David Dunham of the International Occultation Timing Association (IOTA) writes:

"Observers watching the eclipsed Moon with binoculars in northeastern North America tonight (Saturday evening), March 3rd, will be able to see a 5th-magnitude star just below the lower edge of the rising Moon. At about 6:30 pm EST, while the Moon is still totally eclipsed, the star will suddenly vanish as the Moon covers the star. Twenty minutes to more than an hour later, depending on your location, the star will suddenly reappear at the upper right side of the Moon.

"Predicted local times for these disappearance and reappearance events, and a view of the Moon showing the paths of the star relative to it for 10 major northeastern North American cities, are on a special Web page for this event at http://www.lunar-occultations.com/iota/2007eclipse/59leo.htm; it includes a link to the main IOTA Web site that has predictions for many dozens of cities. The southern edge, or limit, of the region of visibility of this occultation will cross central Virginia. In a 1.2-mile-wide band just north of this line, there will be a spectacular grazing occultation, with the star disappearing and reappearing several times among mountains and craters near the lunar south pole. The Web site above includes detailed maps of the path, along with information about expeditions that are planned to observe the graze. These expeditions will be located between Ashland and Richmond, and east of Parksley near the middle of the Virginia part of the Delmarva Peninsula."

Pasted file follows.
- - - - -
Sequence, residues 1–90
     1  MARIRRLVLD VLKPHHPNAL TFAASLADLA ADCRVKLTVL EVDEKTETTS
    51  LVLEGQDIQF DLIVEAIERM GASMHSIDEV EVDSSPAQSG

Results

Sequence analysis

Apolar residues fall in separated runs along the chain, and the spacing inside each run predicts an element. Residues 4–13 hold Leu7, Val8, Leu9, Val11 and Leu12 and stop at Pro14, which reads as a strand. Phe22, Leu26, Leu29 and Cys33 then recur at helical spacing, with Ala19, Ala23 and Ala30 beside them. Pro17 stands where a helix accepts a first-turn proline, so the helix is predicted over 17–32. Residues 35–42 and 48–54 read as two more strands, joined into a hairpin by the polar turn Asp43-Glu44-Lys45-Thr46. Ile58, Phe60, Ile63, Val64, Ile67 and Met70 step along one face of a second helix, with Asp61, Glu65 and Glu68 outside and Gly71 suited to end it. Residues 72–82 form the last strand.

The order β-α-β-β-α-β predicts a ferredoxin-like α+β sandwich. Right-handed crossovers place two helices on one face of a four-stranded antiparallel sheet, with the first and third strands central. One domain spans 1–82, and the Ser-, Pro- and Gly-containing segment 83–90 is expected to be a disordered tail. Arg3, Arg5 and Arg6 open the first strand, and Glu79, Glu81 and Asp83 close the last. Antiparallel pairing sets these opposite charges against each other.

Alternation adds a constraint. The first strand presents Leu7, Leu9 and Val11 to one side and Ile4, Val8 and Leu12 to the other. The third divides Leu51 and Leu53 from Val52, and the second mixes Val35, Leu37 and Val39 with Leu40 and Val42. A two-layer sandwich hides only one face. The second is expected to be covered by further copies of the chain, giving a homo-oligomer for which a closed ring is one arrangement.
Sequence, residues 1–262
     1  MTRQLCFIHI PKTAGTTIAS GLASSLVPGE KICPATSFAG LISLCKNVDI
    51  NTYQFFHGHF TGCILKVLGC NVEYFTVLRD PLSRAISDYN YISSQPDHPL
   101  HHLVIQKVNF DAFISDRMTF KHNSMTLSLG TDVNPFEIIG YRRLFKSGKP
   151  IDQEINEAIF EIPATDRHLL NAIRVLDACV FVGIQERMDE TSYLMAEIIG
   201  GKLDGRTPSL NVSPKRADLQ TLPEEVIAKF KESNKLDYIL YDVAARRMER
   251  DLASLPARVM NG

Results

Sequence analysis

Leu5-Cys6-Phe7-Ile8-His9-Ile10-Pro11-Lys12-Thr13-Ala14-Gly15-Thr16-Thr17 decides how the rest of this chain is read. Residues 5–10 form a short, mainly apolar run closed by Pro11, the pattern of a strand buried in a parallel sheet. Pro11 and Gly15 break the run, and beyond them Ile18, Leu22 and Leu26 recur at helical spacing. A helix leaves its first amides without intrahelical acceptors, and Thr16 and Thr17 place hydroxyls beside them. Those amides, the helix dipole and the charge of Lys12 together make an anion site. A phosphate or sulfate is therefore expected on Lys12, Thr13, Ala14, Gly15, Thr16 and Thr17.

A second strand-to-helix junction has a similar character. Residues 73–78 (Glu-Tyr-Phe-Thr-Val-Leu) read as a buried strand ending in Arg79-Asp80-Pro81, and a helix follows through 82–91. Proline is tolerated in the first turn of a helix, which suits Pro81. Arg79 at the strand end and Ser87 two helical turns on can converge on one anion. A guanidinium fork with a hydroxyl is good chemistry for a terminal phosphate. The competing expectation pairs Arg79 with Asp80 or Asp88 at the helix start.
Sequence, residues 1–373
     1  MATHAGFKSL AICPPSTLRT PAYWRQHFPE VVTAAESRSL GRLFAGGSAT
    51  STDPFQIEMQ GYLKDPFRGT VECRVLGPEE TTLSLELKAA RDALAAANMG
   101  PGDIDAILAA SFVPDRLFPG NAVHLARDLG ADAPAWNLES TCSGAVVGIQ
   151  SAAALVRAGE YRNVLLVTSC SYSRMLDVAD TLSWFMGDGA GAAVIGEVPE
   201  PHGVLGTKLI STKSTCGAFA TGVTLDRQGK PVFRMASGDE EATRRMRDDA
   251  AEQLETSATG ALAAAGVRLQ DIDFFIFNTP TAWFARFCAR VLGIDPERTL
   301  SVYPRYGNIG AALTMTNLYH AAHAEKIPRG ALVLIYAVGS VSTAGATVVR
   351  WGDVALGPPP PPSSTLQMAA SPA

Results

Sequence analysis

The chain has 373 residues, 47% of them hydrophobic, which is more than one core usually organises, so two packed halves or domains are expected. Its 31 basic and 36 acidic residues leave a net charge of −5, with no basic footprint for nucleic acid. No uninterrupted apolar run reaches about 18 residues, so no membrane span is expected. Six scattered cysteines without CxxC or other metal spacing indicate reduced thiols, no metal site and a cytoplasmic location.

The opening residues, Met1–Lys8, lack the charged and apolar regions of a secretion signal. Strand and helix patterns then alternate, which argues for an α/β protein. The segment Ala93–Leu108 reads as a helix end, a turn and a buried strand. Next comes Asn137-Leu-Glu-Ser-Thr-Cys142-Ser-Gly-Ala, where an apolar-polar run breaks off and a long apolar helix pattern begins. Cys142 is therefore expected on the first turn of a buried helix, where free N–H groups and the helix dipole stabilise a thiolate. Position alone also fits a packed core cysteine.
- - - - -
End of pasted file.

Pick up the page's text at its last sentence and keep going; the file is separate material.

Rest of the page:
Dunham's home e-mail is dunham@starpower.net (but he will not have access to it after he leaves home with his own expedition by about 11:30 am Sat.) His office e-mail is david.dunham@jhuapl.edu (but this e-mail will be unavailable from 7 am to 7 pm Sat. for server maintenance). His telephones: office, 240-228-5609; home, 301-474-4722; mobile 301-526-5590.

See also the occultation alert and discussion group: http://tech.groups.yahoo.com/group/IOTAoccultations/

Roger W. Sinnott
Senior Editor
Sky & Telescope


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